Speaking of painful, Ristar is no certainly cakewalk. While the game can be short, it stars--excuse me--stars out breezy enough, but not too long into the game the difficulty picks up considerably. The aforementioned need to be on top of chaining grabs together is there, but so are the different enemies and bosses to learn patterns from, evading the tricks, traps and hazards that litter each level, and making your way to the goal "Star Handle" are but some of the trials needing to be overcome. Speaking of those specific handles, in each of the platforming-based levels, there is a secret "Star Handle" that leads to a bonus area. Complete the bonus area to acquire a special item. Back at release, and obviously before the Internet (but us olden gamers still had Tips & Tricks Magazine!), these special items would reveal three passwords at the end of the game, revealing everything from a level select, to a boss rush, to an even higher difficulty.

Ristar can... sit on his butt and enjoy the scenery?
(Okay, I don't blame you. The environments ARE really nice!)

Also, unlike Sonic Team's namesake, Ristar is a much slower paced adventure than what the blue blur's original offers delivered. It's a more methodical game, focusing less on skillful twitch running, jumping and speed, and more on careful precision platforming, particularly with Ristar's stretchable arms. 

There are six planets that our protagonist explores on his way to Castle Greedy, where our mind-bending boss awaits. Each planet is set with a different theme and is composed of two platforming levels and boss fight. The opening world, Planet Flora is full of lush vegetation, fauna and flora, perfect for a pleasant welcome into the mechanics of the game. Meanwhile, worlds like Planet Scorch offer less than welcoming fires, deadly walls of flames, and traps awaiting Ristar to unknowingly get caught and subsequently burned inside. Then, the music-themed Planet Sonata features birds that block Ristar's progress, but delivering metronomes to these feathered friends through carrying the time-keeping devices to them will allow them to fly away unfettered. By Planet Freon, the frozen planet, Ristar will be slipping and sliding around, needing to time his grabs or else slide into hazards that will no doubt deliver a star-ache.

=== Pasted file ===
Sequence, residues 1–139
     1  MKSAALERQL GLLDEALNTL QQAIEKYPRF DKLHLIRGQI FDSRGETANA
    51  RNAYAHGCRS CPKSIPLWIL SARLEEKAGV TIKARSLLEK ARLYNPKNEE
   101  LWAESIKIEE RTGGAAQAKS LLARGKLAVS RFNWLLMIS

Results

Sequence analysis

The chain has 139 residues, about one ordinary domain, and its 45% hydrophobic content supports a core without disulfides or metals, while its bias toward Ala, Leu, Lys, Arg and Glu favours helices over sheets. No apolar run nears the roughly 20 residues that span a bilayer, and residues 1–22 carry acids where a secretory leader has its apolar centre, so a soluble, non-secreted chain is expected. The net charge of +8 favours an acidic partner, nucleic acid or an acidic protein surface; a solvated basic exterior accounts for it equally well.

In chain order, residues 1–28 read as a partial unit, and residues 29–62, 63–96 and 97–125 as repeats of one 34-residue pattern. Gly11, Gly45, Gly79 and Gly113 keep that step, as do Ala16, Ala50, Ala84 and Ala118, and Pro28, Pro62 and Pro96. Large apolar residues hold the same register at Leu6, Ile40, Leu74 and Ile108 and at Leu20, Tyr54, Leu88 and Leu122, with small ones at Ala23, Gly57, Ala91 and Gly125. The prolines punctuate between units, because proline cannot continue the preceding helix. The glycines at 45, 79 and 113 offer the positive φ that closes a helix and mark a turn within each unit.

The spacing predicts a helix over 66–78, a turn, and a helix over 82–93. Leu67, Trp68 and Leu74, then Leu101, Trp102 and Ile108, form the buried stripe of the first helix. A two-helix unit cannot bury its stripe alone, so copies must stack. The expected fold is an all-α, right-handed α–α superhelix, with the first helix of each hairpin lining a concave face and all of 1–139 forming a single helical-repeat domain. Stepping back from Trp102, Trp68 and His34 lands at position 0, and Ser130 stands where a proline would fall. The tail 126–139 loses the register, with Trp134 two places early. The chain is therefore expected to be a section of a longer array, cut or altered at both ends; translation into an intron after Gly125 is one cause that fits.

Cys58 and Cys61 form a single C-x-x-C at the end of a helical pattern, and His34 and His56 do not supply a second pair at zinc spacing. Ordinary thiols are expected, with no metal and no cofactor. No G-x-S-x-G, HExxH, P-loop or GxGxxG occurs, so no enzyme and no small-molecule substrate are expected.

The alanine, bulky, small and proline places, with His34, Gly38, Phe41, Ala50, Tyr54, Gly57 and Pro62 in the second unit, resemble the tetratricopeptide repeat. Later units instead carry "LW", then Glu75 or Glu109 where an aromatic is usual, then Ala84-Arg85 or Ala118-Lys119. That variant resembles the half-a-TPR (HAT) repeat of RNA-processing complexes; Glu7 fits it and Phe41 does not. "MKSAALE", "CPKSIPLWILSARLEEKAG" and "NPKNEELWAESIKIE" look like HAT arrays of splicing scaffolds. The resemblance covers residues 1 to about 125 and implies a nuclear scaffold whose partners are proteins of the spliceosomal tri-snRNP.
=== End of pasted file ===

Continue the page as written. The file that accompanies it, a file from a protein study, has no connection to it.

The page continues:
The boss fights are yet another great part to the whole that is Ristar.

What doesn't deliver a star-ache, or a headache for us humans, is Ristar as an overall game. Sonic Team may have left poor Ristar in the blue blur's dust, but there's no denying that the game successfully differentiates itself from the developer's other, more popular Genesis works. The fact that Ristar still plays as well today as it did over 25 years ago is a testament to Sonic Team for making one of the better, more innovative and creative platformers of the 16-bit era. It may be a short game, but it's also certainly a sweet one. With a wonderfully clever grab mechanic that pours over into all facets of the game from offense to traversal, Ristar remains a very worthy play that any platformer fan out there.

[SPC Says: B+]

Wonder Boy: Asha in Monster World (PS4, NSW) New Trailer

After its announcement last year, Wonder Boy: Asha in Monster World, the remake of Monster World IV (I had a previous lapse of sanity and had "Wonder Boy IV" as the title. -PS), has a new trailer showing off some considerable upgrades compared to its original debut trailer. While not all of the animations are up to a high definition of quality, the game is otherwise looking quite cheery, chipper, and just plain old fun! Wonder Boy: Asha in Monster World doesn't have a firm release date, but it does, however, have a release period of Q2 2021!